Capture One Pro 8.2 (Purchase or subscription from Phase One)
Total Import Time: 01:02 (1 minute 2 seconds)
Lightroom CC 2015 / Lightroom 6 (Purchase or subscription from Adobe)
Total Import Time: 01:29 (1 minute 29 seconds)
Mac OS X Finder - Drag and Drop (included in Mac OS X)
Total Import Time: 04:18 (4 minutes 18 seconds)
Image Capture (Included in Mac OS X)
Total Import Time: 04:20 (4 minutes 20 seconds)
Clearly Capture One Pro does the fastest import of the four applications tested. At a speedy 0.2 second transfer time per 78 MB file, in just a little over one minute all files had been transferred to the desktop.
Lightroom came in a close second. This is significant inasmuch as it marks a massive improvement over previous versions of the application. At 0.29 second for each file, it transferred all 302 images in a little less than one and one-half minute. The difference in transfer time between Capture One and Lightroom is roughly 0.09 second per image. And while this will ultimately add up if transferring a much larger batch of images, the improvement from Adobe is noteworthy.
Many photographers prefer to manually transfer their files from flash cards to their computers, then arrange them. For Mac OS X users, Finder (the equivalent of File Explorer in the Windows realm) facilitates that with relative ease. At roughly 0.85 seconds per image, for an aggregate of 4 minutes and 18 seconds to transfer all 302 files, this approach is significantly slower than using Capture One Pro or the newest version of Lightroom. If this approach was a solution to the former sluggishness that marked Lightroom imports, it is imply no longer the case.
Finally, the Apple utility, Image Capture, averaged 0.86 second per file, taking a total of 4 minutes and 20 seconds to transfer all 302 files. In some ways this is not terrible. But it is significantly slower that the two dedicated asset managers, Capture One Pro and Lightroom. And it is almost a dead heat with drag and drop using Finder. However it offers yet another alternative to Mac OS X users.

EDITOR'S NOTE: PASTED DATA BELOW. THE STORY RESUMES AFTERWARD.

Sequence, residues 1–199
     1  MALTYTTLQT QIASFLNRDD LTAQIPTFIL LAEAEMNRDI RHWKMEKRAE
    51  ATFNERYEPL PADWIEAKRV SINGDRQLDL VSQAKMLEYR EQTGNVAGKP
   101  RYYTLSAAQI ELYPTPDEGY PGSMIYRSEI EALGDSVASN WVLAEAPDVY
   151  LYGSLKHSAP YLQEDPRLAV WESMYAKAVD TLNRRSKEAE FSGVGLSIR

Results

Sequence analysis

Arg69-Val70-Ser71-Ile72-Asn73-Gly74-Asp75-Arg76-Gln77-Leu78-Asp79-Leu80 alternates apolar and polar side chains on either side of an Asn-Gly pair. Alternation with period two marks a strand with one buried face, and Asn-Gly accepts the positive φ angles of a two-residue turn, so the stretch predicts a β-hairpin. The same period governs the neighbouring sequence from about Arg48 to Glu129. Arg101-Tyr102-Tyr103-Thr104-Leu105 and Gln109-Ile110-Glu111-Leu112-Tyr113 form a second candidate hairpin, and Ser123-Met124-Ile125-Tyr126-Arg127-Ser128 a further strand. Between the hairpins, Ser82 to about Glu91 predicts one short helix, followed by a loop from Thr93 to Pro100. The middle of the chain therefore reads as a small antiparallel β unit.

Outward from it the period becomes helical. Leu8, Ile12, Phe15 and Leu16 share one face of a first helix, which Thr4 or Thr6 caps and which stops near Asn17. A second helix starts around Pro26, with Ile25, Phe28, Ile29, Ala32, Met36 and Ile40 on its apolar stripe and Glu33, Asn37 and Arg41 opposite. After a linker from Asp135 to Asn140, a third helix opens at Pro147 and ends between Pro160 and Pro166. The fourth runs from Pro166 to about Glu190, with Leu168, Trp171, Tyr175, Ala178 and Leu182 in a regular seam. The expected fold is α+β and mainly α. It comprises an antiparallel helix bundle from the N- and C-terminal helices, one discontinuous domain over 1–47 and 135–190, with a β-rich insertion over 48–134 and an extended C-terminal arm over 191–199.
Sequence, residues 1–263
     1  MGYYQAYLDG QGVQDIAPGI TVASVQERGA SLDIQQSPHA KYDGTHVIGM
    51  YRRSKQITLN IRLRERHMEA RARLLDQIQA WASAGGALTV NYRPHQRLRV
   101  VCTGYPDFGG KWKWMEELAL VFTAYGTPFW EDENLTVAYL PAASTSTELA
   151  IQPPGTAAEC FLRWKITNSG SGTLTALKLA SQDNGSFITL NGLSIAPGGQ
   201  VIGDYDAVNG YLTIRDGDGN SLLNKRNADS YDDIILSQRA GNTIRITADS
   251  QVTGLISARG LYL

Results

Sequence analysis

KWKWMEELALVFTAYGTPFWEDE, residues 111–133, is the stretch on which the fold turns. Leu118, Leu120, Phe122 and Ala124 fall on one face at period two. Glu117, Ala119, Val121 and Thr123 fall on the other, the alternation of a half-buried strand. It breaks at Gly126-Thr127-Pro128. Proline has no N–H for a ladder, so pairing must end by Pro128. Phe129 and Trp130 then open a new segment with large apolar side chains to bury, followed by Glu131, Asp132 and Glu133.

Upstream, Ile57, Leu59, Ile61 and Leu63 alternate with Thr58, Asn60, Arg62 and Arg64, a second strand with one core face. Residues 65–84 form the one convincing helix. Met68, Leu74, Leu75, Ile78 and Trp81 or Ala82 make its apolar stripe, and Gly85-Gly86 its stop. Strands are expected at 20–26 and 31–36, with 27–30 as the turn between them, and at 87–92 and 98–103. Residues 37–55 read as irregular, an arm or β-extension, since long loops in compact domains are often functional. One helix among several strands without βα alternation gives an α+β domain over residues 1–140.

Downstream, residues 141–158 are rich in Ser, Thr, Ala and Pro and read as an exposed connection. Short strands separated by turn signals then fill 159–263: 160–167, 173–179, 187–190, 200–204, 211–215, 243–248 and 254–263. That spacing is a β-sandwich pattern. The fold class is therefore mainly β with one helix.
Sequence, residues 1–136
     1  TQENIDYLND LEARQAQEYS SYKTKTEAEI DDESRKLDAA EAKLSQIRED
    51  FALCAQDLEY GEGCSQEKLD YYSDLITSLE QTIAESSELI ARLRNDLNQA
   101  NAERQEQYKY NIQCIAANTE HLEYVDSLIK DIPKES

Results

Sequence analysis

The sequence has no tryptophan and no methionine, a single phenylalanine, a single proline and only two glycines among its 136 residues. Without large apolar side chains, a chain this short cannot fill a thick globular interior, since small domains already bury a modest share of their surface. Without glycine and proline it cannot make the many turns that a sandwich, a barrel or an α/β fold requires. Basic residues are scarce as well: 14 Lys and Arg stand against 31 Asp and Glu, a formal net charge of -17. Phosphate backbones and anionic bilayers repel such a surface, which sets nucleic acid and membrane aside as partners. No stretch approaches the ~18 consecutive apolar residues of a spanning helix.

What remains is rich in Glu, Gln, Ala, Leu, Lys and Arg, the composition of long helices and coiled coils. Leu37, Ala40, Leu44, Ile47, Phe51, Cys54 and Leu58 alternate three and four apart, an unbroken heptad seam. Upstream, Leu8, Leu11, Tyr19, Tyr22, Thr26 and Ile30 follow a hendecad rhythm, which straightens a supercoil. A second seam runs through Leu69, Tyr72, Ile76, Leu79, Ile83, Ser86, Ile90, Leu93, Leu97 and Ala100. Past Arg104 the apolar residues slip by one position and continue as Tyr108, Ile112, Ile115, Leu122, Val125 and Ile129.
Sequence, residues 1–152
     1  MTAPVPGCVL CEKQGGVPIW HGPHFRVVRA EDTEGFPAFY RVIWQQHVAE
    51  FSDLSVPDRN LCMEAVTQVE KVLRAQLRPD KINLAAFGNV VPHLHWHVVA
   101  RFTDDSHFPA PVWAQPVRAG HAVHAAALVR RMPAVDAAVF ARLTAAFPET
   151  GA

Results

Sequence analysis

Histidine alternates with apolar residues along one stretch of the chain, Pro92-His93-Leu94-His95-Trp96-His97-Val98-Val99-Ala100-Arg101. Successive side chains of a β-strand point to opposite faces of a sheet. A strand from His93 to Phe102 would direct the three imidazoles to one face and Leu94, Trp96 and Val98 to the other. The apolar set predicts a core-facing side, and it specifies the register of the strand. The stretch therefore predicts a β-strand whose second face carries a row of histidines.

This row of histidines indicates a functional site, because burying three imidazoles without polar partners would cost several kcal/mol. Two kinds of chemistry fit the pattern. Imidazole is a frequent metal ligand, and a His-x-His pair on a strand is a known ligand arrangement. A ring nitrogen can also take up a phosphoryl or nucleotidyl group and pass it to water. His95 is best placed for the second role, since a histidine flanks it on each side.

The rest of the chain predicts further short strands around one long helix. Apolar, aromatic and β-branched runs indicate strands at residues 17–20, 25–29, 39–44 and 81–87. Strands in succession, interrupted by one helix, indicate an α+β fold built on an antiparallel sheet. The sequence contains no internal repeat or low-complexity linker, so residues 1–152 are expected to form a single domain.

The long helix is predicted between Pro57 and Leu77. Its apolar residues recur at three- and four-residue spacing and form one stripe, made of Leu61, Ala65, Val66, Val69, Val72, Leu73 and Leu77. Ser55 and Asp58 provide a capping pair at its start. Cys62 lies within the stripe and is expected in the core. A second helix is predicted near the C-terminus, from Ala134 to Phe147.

What does all of this mean? For high resolution images with the large files sizes, speed makes a difference. Capture One Pro sits as king of the hill. But Lightroom is right behind after recent improvements made by Adobe. Of course, the other options remain viable, although if the aim is speed, they lag significantly behind.
Keywords: Adobe, Capture One Pro, D800, Lightroom, Phase One, fast import, hi-res, high resolution, import, photography
No comments posted.
Recent PostsTamron SP 45mm F/1.8 Di VC USD Lens - A Portrait/Fashion Photographer’s Perspective Nikon Software: It's Consistently Bad, If Nothing Else (The Story of SnapBridge) EyeFi mobiPRO WiFi SD Card: A Preliminary Review Nikon D750: Thoughts From a Fashion & Portrait Photographer (Updated) It's Not Your Ordinary Flash: What I Like About the Phottix Mitros+ Large Images: Fast Import: Here's How You Do It In Mac OS X Snapseed by Google: My New Favorite Mobile Editing Solution Apple's Photos App for Mac OS X Released: Is it for You? Why I Backup When I Travel or Shoot on Location: Murphy's Law Instagram: Bane or Blessing for the modern photographer?